Pete's Blog

Kings and Queens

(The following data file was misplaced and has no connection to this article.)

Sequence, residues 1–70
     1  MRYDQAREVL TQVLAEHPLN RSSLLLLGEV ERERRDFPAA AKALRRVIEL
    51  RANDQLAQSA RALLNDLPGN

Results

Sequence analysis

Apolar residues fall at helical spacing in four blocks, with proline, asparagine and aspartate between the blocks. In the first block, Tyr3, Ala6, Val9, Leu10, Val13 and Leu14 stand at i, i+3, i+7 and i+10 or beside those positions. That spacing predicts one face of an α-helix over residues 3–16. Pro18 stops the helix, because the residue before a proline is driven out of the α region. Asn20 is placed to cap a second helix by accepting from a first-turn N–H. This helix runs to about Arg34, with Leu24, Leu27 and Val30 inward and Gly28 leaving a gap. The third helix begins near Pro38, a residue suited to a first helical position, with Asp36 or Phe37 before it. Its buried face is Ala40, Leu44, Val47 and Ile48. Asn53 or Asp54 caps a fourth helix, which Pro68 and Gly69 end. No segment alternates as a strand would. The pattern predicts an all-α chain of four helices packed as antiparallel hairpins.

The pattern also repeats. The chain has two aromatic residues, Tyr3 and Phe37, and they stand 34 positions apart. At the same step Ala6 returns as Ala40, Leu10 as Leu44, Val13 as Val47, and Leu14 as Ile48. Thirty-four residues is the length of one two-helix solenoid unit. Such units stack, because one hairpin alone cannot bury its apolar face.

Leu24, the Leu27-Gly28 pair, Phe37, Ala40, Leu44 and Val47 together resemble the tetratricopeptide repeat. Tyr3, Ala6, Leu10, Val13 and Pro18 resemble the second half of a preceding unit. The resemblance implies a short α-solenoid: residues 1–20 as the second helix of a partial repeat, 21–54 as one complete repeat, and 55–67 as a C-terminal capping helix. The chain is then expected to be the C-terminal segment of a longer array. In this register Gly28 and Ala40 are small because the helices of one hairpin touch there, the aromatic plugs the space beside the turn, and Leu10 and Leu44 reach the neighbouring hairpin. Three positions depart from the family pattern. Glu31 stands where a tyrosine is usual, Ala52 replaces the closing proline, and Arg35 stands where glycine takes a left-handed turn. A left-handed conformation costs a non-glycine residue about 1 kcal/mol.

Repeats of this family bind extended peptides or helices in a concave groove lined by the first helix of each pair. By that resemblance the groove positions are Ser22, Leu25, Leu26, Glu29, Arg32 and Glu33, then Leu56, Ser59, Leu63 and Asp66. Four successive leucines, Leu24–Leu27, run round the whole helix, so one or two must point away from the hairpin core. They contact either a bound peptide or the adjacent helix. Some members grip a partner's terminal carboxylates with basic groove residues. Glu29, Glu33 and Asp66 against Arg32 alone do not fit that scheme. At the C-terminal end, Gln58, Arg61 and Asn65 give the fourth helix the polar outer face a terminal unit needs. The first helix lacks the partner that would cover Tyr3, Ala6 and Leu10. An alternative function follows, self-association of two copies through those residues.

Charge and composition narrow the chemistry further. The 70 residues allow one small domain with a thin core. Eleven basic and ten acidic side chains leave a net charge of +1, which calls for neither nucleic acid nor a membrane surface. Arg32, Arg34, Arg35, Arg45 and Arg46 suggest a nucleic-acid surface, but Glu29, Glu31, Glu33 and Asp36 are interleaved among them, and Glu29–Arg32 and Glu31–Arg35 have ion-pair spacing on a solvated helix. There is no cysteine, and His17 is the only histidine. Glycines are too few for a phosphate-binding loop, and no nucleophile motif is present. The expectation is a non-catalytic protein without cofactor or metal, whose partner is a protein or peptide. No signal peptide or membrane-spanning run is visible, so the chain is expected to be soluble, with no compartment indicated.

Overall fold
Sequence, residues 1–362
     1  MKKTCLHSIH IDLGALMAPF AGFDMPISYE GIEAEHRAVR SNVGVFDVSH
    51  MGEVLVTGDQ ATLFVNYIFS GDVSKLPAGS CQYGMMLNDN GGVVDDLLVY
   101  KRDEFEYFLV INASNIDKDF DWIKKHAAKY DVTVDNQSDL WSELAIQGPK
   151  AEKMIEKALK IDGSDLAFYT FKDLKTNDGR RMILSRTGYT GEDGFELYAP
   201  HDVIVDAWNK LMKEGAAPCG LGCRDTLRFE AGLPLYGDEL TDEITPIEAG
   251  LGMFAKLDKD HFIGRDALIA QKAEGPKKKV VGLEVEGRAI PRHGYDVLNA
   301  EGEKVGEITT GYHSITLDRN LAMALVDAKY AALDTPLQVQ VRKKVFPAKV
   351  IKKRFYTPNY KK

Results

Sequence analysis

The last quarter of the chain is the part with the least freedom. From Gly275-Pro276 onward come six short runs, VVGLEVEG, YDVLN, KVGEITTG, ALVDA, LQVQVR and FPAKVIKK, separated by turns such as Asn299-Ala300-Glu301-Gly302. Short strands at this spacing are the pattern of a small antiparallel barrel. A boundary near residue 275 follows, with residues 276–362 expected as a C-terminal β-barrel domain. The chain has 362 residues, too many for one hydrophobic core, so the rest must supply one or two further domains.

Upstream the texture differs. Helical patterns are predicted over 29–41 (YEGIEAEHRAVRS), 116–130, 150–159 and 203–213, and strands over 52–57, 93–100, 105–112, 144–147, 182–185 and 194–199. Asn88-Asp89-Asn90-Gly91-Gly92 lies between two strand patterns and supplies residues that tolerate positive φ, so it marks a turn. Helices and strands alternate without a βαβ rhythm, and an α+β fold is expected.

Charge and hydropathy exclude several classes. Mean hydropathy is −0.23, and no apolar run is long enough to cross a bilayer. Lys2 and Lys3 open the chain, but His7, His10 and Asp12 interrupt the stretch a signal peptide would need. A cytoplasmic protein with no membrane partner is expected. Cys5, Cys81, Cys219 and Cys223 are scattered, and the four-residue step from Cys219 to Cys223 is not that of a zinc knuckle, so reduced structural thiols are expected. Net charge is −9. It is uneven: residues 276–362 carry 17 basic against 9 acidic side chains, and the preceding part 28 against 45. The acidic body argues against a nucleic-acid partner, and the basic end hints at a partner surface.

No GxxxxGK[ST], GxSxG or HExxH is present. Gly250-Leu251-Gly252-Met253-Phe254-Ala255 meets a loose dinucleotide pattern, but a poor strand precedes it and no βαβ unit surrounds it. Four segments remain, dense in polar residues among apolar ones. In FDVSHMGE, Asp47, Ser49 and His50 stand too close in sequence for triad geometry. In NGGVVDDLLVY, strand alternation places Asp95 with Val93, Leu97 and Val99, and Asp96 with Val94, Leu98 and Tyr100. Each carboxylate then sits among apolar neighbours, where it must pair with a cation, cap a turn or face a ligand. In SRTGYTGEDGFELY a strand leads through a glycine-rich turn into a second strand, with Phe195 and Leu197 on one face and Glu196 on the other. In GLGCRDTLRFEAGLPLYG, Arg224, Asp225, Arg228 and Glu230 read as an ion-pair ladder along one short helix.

A recent Barbra Streisand concert at Madison Square Garden was enlivened by a comedy routine between La Streisand and a George Bush impersonator. The audience, many of whom had paid huge amounts of money for their tickets, apparently thought the evening's star should stick to what she is best at - namely singing - and when the more restless gave voice to their feelings they were answered by an expression Miss Streisand no doubt learned growing up in Brooklyn. This made a few headlines, and in an interview a few days later the star replied to her critics that it is an artist's duty to provoke, to challenge, and at times even to offend. It's not really worth pointing out just how self-serving it is to put on the mantle of righteousness to justify what was, by all accounts, a painfully inept waste of time in the middle of an expensive and (so far as the singing was concerned) otherwise excellent concert. But I'm getting tired of artists of all types bullying their audiences and calling it healthy. It isn't. People go to concerts or buy records or hang paintings on their walls because doing so makes their lives better. That is Art's purpose: to improve the lives of the people who consume it. Since the first caveman painted on a wall artists have been servants, providing their talent to those who would pay them just like any other master craftsman does. There is nothing wrong with this. In fact, artists who lose sight of this truth are in danger of losing the delicate balance that art requires to speak effectively to the world. The idea that an artist can scold, lecture, or discomfit his patrons is very new and grows out of changes in society that have little to do with art itself. For instance, Count Esterhazy employed Joseph Haydn to provide him and his court with music. Haydn wore livery and ate in the dining hall, his position analogous to that of a skilled horse trainer or an especially valuable cook. With the fall of the patron class and the rise of the mass audience, artists make their money in smaller portions but from many more people. The audience becomes a faceless mass, merely an adjunct to the glamorous life of the artist, now often referred to as a "king" or "queen." This is incredibly destructive to talent. Look at what happened to Elvis Presley, or Michael Jackson, or Andy Warhol, or John Lennon. When the relationship with your audience is inverted your work becomes self-indulgent, and a corporate subculture develops capable of forcing people to accept anything, no matter how stupid, simply because they've been told this is What's Happening. Say what you will about hereditary aristocracy, they were tastemakers, cultural leaders, and our culture today is the poorer for their absence.

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